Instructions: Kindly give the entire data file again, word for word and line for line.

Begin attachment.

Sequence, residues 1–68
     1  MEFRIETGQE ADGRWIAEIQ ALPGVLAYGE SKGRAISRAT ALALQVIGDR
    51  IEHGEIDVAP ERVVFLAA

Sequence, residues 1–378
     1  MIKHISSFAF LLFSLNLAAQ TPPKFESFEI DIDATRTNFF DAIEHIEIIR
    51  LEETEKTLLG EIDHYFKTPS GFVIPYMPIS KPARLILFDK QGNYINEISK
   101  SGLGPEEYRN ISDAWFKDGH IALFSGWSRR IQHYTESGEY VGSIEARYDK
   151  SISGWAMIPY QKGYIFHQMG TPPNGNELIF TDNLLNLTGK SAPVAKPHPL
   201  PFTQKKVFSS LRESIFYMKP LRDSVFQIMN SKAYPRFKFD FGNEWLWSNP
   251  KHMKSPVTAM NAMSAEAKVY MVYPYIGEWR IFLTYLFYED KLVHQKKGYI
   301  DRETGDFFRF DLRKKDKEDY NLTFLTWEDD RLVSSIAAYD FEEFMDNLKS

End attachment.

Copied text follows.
Sequence, residues 1–68
     1  MEFRIETGQE ADGRWIAEIQ ALPGVLAYGE SKGRAISRAT ALALQVIGDR
    51  IEHGEIDVAP ERVVFLAA

Sequence, residues 1–378
     1  MIKHISSFAF LLFSLNLAAQ TPPKFESFEI DIDATRTNFF DAIEHIEIIR
    51  LEETEKTLLG EIDHYFKTPS GFVIPYMPIS KPARLILFDK QGNYINEISK
   101  SGLGPEEYRN ISDAWFKDGH IALFSGWSRR IQHYTESGEY VGSIEARYDK
   151  SISGWAMIPY QKGYIFHQMG TPPNGNELIF TDNLLNLTGK SAPVAKPHPL
   201  PFTQKKVFSS LRESIFYMKP LRDSVFQIMN SKAYPRFKFD FGNEWLWSNP
   251  KHMKSPVTAM NAMSAEAKVY MVYPYIGEWR IFLTYLFYED KLVHQKKGYI
   301  DRETGDFFRF DLRKKDKEDY NLTFLTWEDD RLVSSIAAYD FEEFMDNLKS